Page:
What Is Kashmir? Understanding the Kashmir Conflict

What Is Kashmir? Understanding the Kashmir Conflict

What Is Kashmir Exactly?

Kashmir is a mountainous region situated on the northern tip of India. It borders parts of China to both the east and northeast, Pakistan to the west, and Afghanistan to the northwest.

It is home to parts of both the Himalayan and Karakoram Mountain ranges, home to many of the world’s highest peaks. Kashmir tends to be prone to earthquakes and the same tectonic activity that formed its stunning mountain landscape due to its geographical location on the Northern portion of the Indian-Australian Tectonic Plate.

Altogether, the region of Kashmir encompasses 86,000 square miles. Kashmir is notably divided by what is referred to as the “Line of Control” that stretches for 435 miles across the territory.

Why Is the Kashmir Region So Important?

Since the ancient and medieval time periods, Kashmir has been an important geographical hub for the development of early versions of Hinduism and Buddhism. During the mid-medieval period, Muslim dynasties began to form in the territory as well, and by the time that conflict broke out in the mid-1900s, the population of Kashmir was majority Muslim.

As such, Kashmir holds a storied religious significance for all three of the religious groups that reside within its borders.

The Kashmir Conflict Background

It all started back in 1947, when British rule in India finally dissolved and the country of India was officially split in two, resulting in the creation of a new separate country, Pakistan.

Fearing that their rights would be ceded to the Hindu population in India after the British receded, Muslims banded together to demand a separate state. Thus the borders of present-day India and Pakistan ended up being divided largely along religious lines, with the vast majority of the Pakistani population being Muslim.

When it came to the 650 prince-run states such as Kashmir that existed within the borders of India and Pakistan, the Indian Independence Act allowed the leaders to essentially decide for themselves if they would like to become a part of either of the two newly formed countries or remain independent. While it sounds simple enough, many of the prince’s desires for independence were often overruled by the people who feared falling back under British rule.

For Kashmir, the trouble started because at the time of the separation, the majority of Kashmir’s population was Muslim, but the ruler, Prince Maharaja Hari Singh, was Hindu. Feeling torn about the difficult decision he faced, the leader tried to remain neutral. Later that year, Pakistan sent Muslim tribesmen to the then capital. Hari Singh appealed to India for military aid and asylum, officially ceding the disputed territory to India.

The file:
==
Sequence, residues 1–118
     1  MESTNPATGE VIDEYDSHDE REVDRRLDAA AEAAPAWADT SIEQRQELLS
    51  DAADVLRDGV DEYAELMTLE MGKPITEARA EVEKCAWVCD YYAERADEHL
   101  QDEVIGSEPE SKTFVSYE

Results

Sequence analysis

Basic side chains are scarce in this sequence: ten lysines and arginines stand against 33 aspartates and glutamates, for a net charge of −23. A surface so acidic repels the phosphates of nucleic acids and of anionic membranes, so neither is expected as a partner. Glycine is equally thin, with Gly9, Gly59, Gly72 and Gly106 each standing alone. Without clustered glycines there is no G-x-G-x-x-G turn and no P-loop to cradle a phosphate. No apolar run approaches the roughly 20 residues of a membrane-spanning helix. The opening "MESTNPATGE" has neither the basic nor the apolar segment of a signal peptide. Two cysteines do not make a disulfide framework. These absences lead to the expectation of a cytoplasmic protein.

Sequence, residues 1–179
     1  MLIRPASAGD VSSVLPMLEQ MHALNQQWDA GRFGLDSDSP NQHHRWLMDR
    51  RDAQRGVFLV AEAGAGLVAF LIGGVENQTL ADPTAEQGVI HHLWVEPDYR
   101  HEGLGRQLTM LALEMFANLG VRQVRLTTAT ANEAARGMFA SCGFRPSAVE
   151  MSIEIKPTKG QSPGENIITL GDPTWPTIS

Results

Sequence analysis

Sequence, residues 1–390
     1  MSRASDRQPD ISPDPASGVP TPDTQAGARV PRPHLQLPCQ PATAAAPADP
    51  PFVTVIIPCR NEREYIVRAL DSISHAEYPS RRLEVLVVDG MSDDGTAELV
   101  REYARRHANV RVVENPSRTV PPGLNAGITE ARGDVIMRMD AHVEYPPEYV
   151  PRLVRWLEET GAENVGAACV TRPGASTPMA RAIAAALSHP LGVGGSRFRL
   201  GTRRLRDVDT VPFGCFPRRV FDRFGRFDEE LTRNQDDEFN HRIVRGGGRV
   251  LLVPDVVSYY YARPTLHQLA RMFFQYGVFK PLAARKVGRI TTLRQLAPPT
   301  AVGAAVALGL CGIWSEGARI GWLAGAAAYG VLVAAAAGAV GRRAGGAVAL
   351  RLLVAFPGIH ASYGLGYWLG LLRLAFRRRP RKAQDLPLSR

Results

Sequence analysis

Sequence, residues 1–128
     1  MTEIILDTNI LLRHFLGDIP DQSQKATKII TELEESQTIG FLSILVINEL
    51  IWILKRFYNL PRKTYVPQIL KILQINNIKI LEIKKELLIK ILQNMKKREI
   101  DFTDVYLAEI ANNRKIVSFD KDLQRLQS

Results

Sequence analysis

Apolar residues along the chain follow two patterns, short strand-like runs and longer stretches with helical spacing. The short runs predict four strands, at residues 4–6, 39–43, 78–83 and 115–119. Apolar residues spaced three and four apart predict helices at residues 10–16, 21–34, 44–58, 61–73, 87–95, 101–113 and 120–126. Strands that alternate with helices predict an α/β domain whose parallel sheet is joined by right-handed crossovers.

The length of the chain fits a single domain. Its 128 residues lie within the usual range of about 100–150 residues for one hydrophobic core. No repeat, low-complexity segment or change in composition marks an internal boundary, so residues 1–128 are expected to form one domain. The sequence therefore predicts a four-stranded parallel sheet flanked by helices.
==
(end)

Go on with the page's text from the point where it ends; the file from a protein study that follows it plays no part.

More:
The Kashmir Conflict Continues

The first war between India and Pakistan over the domain of Kashmir broke out between late 1947 and 1948. In early 1948, India appealed the UN. After numerous attempts at establishing peace, a ceasefire was established in 1949 when Kashmir was divided into an area of Pakistani and Indian control.

While the dividing Line of Control was intended to be only a temporary solution until the conflict was resolved, it has remained in place to this day and was officially instituted as the official border of the two countries and China in the 1972 Simla Agreement. Despite multiple attempts at a ceasefire, fighting remains a common occurrence along this infamous line.

Since 1947, India and Pakistan have fought a total of three official wars over this hotly disputed territory, and the continual conflict in the region has resulted in the loss of life of at least 47,000 lives. To this day, Kashmir remains heavily militarized and divided. A final successful resolution to the Kashmir Conflict has yet to be achieved.

And furthermore, conflict over the region has also had implications in the global nuclear weapon scene. After China got a nuclear bomb in 1964, India increased their efforts to build one in part to defend against Chinese aggression. Once India successfully detonated a nuke in 1974, Pakistan set their sites on creating one as well. Today, China, India, and Pakistan are all nuclear weapon countries, further complicating the conflict over Kashmir.

Map of Kashmir
Map of Kashmir. Click to enlarge.

Kashmir Today

Today, about 45% of the geographical region encompassed in a state called Jammu and Kashmir is officially controlled by India, while 35% of the region comprising the states of Baltistan, Azad Kashmir, and Gilgit falls under Pakistani domain. Twenty percent of the region encompassed in the northeastern state of Aksai Chin is currently controlled by China.

Kashmir is home to a largely Muslim population in the Pakistani regions, a Hindu population in the Indian region, and a Buddhist Tibetan population in the Chinese region.

Did you like this post? You might enjoy these others from the Sporcle Blog.